LONDON — The BBC has described the new license fee agreement, which will mean a 16% cut in real terms to corporation funds over the next six years, as “tough” but “realistic.”
The U.K. government confirmed that the fee will be fixed at its present £145.50 ($228), giving the BBC $5.65 billion a year, until 2017, as part of a public spending review that represents the biggest cuts in public services since 1945.
It is believed to be the first time that the fee, payable by all British homes that have a TV set, has been frozen since the 1950s.
As part of the deal, concluded in secret between BBC toppers and ministers during the past few days, the BBC has agreed to pay for a range of commitments costing around £340 million ($536.6 million) a year.
This will be funded, said the BBC, by making 4% efficiencies starting in 2013.
The commitments include: paying for the BBC World Service ($427 million a year); newsgathering outfit BBC Monitoring ($39 million a year); and Welsh-language web S4C ($157 million a year) from 2015.
Previously these were all paid by non-license fee funds.
Additionally the corp. has agreed to pay for new local media services, a pet project of U.K. culture minister Jeremy Hunt, to the tune of $39.4 million in 2013/14, and up to $7.8 million a year from 2014/15.
The corp. has also said it would reduce the amount it spends on website content by 25%, and keep it at that level for three years.
In a statement the chairman of the corp.’s sovereign body, the BBC Trust, Michael Lyons said: “This is a tough settlement, but it’s also a settlement that delivers certainty and stability for the BBC and license fee payers through to 2016/17.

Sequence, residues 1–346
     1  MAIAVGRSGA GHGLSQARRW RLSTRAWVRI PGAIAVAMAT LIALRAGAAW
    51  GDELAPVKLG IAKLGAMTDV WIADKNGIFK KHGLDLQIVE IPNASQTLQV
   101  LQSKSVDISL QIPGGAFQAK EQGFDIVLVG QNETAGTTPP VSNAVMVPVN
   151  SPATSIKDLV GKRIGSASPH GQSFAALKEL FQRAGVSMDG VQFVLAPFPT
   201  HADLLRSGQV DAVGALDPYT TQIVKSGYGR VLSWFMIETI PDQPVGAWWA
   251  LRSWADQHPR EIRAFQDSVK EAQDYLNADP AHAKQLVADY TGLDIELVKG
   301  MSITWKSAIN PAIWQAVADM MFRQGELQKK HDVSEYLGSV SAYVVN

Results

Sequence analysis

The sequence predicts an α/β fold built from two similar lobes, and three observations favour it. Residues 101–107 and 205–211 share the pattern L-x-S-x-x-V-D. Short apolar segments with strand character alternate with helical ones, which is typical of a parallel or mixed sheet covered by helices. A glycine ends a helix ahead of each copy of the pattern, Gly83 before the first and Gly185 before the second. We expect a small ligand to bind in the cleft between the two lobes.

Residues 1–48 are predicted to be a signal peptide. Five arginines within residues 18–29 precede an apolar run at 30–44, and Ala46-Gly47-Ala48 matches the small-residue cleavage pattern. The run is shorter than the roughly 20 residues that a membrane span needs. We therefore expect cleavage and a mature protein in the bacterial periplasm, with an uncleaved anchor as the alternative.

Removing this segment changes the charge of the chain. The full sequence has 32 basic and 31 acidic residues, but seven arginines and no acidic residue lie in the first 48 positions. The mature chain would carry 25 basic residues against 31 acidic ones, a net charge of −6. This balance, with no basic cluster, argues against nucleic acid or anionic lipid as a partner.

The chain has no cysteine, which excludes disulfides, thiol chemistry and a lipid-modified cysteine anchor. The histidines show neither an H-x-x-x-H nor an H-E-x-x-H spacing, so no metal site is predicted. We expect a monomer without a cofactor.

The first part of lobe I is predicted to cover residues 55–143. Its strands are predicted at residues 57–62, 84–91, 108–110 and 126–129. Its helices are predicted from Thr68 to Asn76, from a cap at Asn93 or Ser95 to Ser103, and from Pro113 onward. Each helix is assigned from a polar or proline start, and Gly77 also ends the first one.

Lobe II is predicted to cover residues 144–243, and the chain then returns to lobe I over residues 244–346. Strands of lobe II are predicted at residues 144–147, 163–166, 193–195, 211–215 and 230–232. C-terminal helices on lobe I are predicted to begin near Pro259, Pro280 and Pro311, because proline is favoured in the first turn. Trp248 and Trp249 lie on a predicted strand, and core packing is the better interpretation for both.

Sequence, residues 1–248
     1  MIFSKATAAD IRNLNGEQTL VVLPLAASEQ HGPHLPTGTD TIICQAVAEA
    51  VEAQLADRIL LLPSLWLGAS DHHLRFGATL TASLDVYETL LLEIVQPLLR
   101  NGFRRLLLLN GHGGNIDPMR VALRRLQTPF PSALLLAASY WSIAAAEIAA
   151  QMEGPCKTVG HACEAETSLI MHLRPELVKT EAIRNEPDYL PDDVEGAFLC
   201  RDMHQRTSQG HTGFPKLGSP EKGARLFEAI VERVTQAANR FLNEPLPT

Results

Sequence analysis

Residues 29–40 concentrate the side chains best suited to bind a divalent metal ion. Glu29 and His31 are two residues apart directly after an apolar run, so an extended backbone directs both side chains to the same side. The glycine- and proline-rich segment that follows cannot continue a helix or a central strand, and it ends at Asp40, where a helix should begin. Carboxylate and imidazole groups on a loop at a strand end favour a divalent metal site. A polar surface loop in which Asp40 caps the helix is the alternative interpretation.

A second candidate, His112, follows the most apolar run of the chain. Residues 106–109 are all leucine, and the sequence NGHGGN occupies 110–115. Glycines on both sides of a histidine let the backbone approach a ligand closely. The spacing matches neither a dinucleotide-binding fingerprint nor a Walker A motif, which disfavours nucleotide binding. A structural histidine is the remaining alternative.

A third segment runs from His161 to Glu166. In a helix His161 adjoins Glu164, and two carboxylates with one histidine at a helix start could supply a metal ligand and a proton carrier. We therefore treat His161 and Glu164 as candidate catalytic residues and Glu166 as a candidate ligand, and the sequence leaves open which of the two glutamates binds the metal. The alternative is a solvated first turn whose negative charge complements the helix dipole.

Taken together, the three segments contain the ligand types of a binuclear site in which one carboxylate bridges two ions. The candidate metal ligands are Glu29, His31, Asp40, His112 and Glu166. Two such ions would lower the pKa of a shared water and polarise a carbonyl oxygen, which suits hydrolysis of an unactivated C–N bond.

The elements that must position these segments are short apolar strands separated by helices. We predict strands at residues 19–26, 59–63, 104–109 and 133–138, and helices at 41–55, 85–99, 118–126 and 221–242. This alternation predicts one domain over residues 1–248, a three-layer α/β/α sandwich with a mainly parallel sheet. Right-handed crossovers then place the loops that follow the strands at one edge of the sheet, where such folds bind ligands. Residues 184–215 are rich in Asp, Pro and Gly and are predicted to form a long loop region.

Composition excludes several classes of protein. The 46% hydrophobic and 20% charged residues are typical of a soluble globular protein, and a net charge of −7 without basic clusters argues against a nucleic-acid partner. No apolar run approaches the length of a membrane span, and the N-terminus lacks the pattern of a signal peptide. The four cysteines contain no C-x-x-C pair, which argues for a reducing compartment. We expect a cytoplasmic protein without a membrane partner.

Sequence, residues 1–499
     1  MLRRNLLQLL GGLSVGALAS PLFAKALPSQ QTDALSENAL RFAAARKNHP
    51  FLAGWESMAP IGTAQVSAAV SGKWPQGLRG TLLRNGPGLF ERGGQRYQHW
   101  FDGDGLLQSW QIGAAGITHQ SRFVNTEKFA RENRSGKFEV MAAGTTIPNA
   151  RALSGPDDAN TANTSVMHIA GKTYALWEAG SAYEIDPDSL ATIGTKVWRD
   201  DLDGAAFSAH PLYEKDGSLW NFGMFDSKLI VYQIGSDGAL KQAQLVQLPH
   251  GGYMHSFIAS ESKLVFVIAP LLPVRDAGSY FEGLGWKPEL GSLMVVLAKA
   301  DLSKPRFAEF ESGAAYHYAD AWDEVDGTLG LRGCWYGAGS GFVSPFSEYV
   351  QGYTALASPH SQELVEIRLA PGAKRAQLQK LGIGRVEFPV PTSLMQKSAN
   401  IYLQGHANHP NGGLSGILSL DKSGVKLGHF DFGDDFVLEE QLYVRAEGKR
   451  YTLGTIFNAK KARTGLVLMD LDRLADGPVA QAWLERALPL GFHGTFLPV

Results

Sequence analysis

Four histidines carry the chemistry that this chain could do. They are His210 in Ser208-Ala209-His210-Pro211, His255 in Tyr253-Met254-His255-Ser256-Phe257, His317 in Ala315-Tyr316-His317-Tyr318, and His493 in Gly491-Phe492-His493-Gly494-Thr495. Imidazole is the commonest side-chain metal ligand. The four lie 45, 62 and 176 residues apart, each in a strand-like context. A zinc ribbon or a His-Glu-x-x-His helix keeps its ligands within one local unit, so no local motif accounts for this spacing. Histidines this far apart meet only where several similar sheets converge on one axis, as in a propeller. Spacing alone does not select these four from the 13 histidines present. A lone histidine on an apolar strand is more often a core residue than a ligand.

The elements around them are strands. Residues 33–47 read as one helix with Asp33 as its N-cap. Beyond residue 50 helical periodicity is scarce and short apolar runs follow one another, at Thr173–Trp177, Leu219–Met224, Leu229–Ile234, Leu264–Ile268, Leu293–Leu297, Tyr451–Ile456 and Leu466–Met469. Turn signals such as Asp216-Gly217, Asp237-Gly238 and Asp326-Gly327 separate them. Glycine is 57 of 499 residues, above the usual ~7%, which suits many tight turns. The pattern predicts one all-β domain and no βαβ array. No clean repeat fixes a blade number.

“It reflects the centrality of the license fee in securing and safeguarding public service broadcasting.
“We recognize the importance of securing such a settlement at such an unprecedented time.”
Director-general Mark Thompson added that the new deal, which came as a total surprise to BBC staff when details of the arrangement began to leak Tuesday, was “realistic” and “secures a strong independent BBC for the next six years.”
Lyons and Thompson are relieved that an earlier plan to force the BBC to pay for the cost of free license fees for senior citizens aged 75 and over was dropped.
This would have resulted in a 25% cut to BBC coffers over four years.
While no BBC channels or services will have to be axed, further jobs losses look inevitable.
In an email to staff, Thompson said there would be “difficult choices” ahead for all employees.
Gerry Morrissey, general secretary of broadcasting union Bectu, said he was “alarmed” by the deal.
“It seems as if the BBC is now doing the government’s dirty work. They have thrown in the towel, so they will now have to justify the cuts to staff,” he said.
“How can you cut 16% off your costs without affecting jobs or services? Morale at the BBC is already at rock bottom, but now there is little or no confidence in the management.”